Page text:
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Kahnawake opposed to ‘modern treaty’ between Ottawa and Algonquins

Kahnawake opposed to ‘modern treaty’ between Ottawa and Algonquins

The Mohawk Council of Kahnawà:ke sent letters to the Federal Minister of Indigenous Affairs Carolyn Bennet and to the Algonquins of Ontario strongly opposing a Land Agreement currently in the process of ratification by the Algonquins of Ontario. The Algonquins of Ontario are seeking to receive a transfer of $300 million in capital funding and

The Mohawk Council of Kahnawà:ke sent letters to the Federal Minister of Indigenous Affairs Carolyn Bennet and to the Algonquins of Ontario strongly opposing a Land Agreement currently in the process of ratification by the Algonquins of Ontario.

The Algonquins of Ontario are seeking to receive a transfer of $300 million in capital funding and 117,500 acres of Ontario Crown lands from Canada.

Of the ten nations that make up the Algonquins of Ontario only one has reserve lands. The proposed transfer would create a capital/land base for the remaining nine nations.

However opposition to the transfer has come from several other First Nations communities, who say this is a modern treaty launched by persons who some say may not even be indigenous people at all.

“There is no way this deal should go through,” said Grand Chief Joseph Tokwiro Norton. “The government cannot make a deal on lands of which portions belong to the Iroquois, and cannot make deals with an entity where the majority of parties involved in the negotiations are not the proper rights holders.”

A statement issued by the council said “This type of modern treaty effectively extinguishes aboriginal title and rights forever, thereby depriving future generations of their inherent rights. Therefore, it is essential that this type of an agreement be a fair and just settlement which respects First Nations’ histories and rights. The Agreement in Principle is strikingly asymmetrical with the Crown greatly benefiting from the extinguishment as well as the full and final settlement of past wrongs and is offering very little in return. This asymmetry is a concern for all First Nations as it sets a terrible precedent for future land claim settlements.”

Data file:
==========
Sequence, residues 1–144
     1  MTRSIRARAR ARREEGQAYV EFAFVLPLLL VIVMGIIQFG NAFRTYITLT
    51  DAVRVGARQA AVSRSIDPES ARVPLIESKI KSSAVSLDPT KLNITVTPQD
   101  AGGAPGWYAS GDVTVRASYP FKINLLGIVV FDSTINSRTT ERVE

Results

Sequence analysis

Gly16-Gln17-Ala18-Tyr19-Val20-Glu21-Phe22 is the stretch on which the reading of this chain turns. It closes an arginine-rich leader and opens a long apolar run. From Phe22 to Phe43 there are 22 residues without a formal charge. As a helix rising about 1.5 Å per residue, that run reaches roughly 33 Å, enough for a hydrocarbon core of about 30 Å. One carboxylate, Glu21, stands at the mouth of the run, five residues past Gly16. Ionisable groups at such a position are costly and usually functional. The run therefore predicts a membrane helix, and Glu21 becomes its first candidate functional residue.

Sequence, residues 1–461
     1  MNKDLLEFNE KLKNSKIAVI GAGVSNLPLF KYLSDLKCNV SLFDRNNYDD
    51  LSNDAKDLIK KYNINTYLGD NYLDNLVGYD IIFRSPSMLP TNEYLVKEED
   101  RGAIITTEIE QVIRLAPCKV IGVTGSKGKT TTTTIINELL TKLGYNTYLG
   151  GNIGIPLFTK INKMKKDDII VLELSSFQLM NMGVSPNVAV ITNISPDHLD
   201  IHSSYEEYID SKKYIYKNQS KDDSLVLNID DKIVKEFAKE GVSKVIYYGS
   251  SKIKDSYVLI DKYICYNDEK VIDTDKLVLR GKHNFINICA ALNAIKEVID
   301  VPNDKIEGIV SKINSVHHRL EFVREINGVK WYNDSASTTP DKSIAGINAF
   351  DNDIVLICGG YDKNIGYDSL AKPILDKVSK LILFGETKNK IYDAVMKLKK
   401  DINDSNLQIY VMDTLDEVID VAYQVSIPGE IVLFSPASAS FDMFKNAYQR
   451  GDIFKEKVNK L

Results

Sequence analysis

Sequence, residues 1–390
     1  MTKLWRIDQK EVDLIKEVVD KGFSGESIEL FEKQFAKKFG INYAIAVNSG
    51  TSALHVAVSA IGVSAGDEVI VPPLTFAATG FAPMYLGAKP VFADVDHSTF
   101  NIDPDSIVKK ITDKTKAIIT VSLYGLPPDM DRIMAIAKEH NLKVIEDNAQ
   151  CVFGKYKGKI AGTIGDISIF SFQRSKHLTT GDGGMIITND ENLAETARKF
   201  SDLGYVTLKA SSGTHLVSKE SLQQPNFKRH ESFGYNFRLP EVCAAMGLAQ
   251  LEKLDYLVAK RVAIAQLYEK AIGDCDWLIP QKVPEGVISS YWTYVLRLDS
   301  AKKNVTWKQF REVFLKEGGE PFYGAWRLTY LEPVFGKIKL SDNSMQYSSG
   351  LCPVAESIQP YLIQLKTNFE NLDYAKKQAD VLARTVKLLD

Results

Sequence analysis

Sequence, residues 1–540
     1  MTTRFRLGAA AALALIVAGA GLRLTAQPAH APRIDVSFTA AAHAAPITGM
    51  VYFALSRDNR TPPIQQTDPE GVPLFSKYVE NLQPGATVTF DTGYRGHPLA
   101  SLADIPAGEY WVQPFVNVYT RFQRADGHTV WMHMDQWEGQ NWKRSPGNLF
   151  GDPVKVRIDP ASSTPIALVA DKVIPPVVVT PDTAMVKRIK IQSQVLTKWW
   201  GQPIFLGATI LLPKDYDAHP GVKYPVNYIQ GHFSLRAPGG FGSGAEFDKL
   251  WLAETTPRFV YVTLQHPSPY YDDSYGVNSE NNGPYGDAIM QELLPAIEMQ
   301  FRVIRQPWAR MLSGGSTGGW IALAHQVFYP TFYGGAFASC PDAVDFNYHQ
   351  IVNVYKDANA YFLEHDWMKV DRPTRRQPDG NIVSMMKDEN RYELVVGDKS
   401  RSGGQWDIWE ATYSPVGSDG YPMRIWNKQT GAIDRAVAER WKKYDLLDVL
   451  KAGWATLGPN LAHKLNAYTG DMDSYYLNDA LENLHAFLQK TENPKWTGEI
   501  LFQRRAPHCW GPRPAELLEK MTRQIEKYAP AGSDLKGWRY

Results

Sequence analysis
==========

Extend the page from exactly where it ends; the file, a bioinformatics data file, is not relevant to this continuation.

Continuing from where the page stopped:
Serious concerns about the Agreement include the issue of overlapping interests by the Algonquins of Ontario and the Mohawk Nation on the lands in question that have not been adequately addressed and resolved. Of further concern is the inclusion of illegitimate negotiation parties in the negotiations leading to the Agreement-in-Principle that is currently being voted on.

“We have been highly concerned over this deal while it has been in the works,” the Grand Chief continued. “We have met with their representatives, but to no avail. And, interestingly, even the Algonquin communities in Quebec have huge concerns over this deal. We are in firm and fundamental opposition to any deal that will extinguish – or will attempt to extinguish –rights in lands that overlap with Iroquois land. Further, we are strictly opposed to any agreement that is being negotiated by parties that are not the proper and true rights holders. In this case, aside from the Algonquins of Pikwakanagan, the remaining parties of the Algonquins of Ontario are illegitimately attempting to negotiate rights and title that do not rightfully belong to them.”

Nahnda Garlow

Nahnda Garlow

Nahnda Garlow, Onondaga under the wing of the Beaver Clan of Six Nations, is Outreach Editor for the Two Row Times. Her popular column, Scone Dogs and Seed Beads brings weekly thoughts on current day indigenous identity. Nahnda has been a journalist with the Two Row Times since it's founding in 2013. She studied Journalism, Human Rights and Indigenous Studies at Laurier University. She is a self-proclaimed "rez girl" who also brings to the Two Row Times years of experience as a Haudenosaunee cultural interpreter, traditional dancer and beadwork aficionado. Nahnda is a member of the Canadian Association of Journalists and the Native American Journalists Association.

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